Cpcu 530 review_chapters 5_feb 2013

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  • 1. Consumer Protection Laws—Activities 1 CPCU 530 Study Aid 4 Business Law for the Insurance Professional Donna M. Kesot, CPCU & AICPCU February 27, 2013 Copyright Donna M. Kesot, CPCUCopyright American Institute For Chartered Property Casualty Underwriters
  • 2. Bailee’s and Bailor’s Rights and Duties—Activities 2 Chapter 5Educational Objective (EO) -- Ownership and Possession ofPersonal PropertyExplain how a person can acquire ownership of personal property in each of these ways: Creation Accession Confusion Gifts BailmentsDeveloping a Scenario to Explain Ownership and Possession of Personal PropertyDevelop a scenario that illustrates how someone acquires legal ownership, using specificexamples of the method assigned to them.Describe protected rights, as a result of acquiring that type of ownership.Educational Objective (EO) -- Bailee’s and Bailor’s Rights andDutiesDescribe the respective rights and duties of a bailee and a bailor. Copyright Donna M. Kesot, CPCU Copyright American Institute For Chartered Property Casualty Underwriters
  • 3. Bailee’s and Bailor’s Rights and Duties—Activities 3Quiz Yourself (cover Answer column and see how you do) Questions Rights & Duties of Answers Bailees&Bailors 1. Who is a bailee? 2. What is bailment? 3. Who is a bailor? 4. Explain how sole and mutual benefit affect the bailee’s rights. 5. Describe the role of compensation in a bailment. 6. What is a lien? What is a possessory lien? 7. Describe the bailee’s duties. 8. Explain why and how the bailee has an insurable interest in the goods. 9. Describe possession and ownership of goods as it relates to the bailee. 10. Describe the bailor’s rights and duties. 11. When is a bailor responsible for a bailee’s negligent use of property? Copyright Donna M. Kesot, CPCU Copyright American Institute For Chartered Property Casualty Underwriters
  • 4. Land Use Restrictions—Activities 4 Educational Objective (EO) -- Real Property Ownership Describe these types of real property ownership: Fee simple estate Life estate Joint tenancy Tenancy by the entirety Tenancy in common Community property Cooperative ownership Condominium ownershipQuiz Yourself (cover Answer column and see how you do) Question: Describing Real Property What is… Owernership 1. A full ownership interest in property with the unconditional right to dispose of it. 2. Tenancy 3. Joint tenancy 4. A joint tenancy between husband and wife. 5. Ownership, usually of real property such as an apartment building, by a corporation, the stockholders of which receive long- term proprietary leases to a portion of the property and a proportional vote in its affairs based on the number of shares owned. 6. Condominium 7. Community property 8. A concurrent ownership of property, in equal or unequal shares, by two or more joint tenants who lack survivorship rights. 9. Life estate Copyright Donna M. Kesot, CPCU Copyright American Institute For Chartered Property Casualty Underwriters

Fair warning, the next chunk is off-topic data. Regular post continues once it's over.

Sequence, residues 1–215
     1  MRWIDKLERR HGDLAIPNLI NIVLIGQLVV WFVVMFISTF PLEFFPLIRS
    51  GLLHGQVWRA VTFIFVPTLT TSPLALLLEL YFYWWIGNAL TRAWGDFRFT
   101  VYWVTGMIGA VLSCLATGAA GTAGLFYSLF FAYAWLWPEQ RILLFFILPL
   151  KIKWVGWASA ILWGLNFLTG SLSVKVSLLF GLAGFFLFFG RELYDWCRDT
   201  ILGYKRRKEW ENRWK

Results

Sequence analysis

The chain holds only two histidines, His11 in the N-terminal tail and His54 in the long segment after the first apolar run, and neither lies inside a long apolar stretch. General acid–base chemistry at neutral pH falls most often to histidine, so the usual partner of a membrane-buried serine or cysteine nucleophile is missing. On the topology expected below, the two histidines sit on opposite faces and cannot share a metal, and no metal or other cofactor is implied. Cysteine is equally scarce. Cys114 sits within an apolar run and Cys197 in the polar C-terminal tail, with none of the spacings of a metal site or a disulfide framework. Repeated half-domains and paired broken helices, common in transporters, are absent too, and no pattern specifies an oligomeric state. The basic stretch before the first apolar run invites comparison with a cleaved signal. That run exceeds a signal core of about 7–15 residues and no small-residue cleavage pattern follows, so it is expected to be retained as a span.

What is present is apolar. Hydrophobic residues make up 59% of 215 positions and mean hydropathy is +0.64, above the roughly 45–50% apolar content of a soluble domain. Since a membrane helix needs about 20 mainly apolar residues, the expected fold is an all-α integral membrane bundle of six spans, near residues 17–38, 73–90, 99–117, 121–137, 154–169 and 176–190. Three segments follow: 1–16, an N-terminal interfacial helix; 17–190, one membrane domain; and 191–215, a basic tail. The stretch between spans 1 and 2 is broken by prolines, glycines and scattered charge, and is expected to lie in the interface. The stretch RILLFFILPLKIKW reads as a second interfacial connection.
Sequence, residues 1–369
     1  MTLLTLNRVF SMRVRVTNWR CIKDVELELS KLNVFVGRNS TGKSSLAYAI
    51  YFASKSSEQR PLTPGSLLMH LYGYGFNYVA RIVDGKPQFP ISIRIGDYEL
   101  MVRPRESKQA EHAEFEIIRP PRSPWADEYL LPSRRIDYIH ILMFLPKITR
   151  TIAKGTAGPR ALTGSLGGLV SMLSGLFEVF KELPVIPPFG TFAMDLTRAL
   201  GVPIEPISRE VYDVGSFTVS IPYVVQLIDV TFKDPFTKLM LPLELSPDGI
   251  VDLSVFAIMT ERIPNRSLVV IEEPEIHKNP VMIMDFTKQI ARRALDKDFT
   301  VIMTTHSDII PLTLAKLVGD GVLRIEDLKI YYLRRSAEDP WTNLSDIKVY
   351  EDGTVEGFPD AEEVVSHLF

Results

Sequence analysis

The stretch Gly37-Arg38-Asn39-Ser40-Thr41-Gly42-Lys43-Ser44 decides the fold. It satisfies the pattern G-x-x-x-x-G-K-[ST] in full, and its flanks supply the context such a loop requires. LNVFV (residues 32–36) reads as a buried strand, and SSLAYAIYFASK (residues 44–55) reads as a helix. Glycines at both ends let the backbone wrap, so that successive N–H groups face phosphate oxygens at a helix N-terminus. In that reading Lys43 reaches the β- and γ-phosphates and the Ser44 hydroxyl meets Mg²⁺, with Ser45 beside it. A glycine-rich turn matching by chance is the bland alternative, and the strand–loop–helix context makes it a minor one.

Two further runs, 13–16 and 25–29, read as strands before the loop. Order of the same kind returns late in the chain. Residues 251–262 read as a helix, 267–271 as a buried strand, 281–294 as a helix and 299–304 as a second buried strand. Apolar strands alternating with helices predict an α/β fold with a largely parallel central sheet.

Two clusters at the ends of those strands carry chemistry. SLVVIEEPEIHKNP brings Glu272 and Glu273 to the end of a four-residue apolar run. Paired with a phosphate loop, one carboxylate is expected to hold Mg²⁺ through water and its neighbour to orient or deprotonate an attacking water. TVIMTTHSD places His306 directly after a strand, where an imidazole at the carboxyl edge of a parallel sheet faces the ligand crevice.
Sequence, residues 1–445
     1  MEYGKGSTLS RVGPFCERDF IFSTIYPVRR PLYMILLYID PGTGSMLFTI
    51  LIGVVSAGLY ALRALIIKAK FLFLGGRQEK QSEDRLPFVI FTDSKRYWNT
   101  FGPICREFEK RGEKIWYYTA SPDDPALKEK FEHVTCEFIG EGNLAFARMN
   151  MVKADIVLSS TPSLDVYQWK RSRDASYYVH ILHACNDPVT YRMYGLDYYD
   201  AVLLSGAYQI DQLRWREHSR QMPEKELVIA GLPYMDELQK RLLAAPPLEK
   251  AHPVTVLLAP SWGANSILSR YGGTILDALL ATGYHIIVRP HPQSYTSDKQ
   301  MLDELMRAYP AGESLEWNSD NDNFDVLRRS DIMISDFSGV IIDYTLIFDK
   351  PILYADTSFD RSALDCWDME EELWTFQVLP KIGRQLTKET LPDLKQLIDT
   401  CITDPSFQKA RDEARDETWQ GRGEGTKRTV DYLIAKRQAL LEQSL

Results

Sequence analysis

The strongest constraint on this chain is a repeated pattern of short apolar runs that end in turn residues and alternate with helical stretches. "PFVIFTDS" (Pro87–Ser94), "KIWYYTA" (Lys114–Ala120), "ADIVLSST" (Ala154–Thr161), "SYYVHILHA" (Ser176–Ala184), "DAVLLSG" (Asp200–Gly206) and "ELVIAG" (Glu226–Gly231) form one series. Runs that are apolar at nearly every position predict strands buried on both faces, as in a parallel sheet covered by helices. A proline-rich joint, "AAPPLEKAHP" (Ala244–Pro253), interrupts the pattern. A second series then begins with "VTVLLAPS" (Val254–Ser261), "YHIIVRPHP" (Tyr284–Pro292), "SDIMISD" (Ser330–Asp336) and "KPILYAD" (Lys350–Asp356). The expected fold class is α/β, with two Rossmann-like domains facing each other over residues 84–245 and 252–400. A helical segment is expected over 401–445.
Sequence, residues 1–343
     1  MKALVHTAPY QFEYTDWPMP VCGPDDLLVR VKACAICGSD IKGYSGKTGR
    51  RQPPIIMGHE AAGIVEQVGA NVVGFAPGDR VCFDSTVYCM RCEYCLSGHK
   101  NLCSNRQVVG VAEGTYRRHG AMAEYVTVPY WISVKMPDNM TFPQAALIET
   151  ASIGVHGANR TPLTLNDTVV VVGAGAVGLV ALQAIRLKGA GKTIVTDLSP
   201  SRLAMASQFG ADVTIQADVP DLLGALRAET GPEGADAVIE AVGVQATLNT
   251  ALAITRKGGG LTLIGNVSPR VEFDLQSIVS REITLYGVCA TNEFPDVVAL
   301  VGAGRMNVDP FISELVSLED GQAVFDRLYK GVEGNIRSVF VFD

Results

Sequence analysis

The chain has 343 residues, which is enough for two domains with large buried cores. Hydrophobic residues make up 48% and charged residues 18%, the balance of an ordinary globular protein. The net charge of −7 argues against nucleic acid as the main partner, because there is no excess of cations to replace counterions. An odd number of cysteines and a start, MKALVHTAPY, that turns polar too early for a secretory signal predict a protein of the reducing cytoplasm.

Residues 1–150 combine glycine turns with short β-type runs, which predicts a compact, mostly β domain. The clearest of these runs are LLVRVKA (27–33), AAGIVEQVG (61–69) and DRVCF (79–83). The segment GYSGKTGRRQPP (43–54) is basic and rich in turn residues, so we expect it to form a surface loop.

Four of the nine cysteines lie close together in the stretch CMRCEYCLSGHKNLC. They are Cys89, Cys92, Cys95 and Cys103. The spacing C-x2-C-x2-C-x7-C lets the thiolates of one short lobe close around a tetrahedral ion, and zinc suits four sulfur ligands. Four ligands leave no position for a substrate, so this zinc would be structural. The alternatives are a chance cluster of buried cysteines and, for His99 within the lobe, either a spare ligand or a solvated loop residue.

• 5. Land Use Restrictions—Activities 5Educational Objective (EO) -- Real Property SalesDescribe real property sales in terms of the following (using key elements): The required elements of a contract of sale The types of deeds and the characteristics of each The requirements that deeds must meet How and why deeds are recordedEducational Objective (EO) -- Real Property Security Interestsand LiensDescribe the purpose and operation of each of the following: Mortgages Trust deeds Land contracts Mechanic’s liensCan you summarize (briefly) the purpose and function of each? Copyright Donna M. Kesot, CPCU Copyright American Institute For Chartered Property Casualty Underwriters
  • 6. Land Use Restrictions—Activities 6 Educational Objective (EO) -- Incidental Real Property Rights Describe each of the following incidental real property rights: Adverse possession Rights to whatever is under, above, or on the land’s surface Rights to lateral and subjacent support Water rights Ownership of fixtures Can you develop a scenario that centers around one or more of the incidental real property rights described in the content? The scenario should involve a character who either has or does not have those incidental property rights. Educational Objective (EO) -- Land Use Restrictions Describe the following types of land use restrictions: Incorporeal interests Licenses Government controls.Quiz Yourself (cover Answer column and see how you do) What is… Describing Land Use Restrictions 1. A nonmaterial interest in real property. 2. Easement 3. A government’s regulation of building construction and occupancy and of land use according to a comprehensive plan. 4. Profits à prendre 5. License 6. A legal procedure by which a government body seeks a court’s permission to seize private property by eminent domain. 7. Exclusionary zoning Copyright Donna M. Kesot, CPCU Copyright American Institute For Chartered Property Casualty Underwriters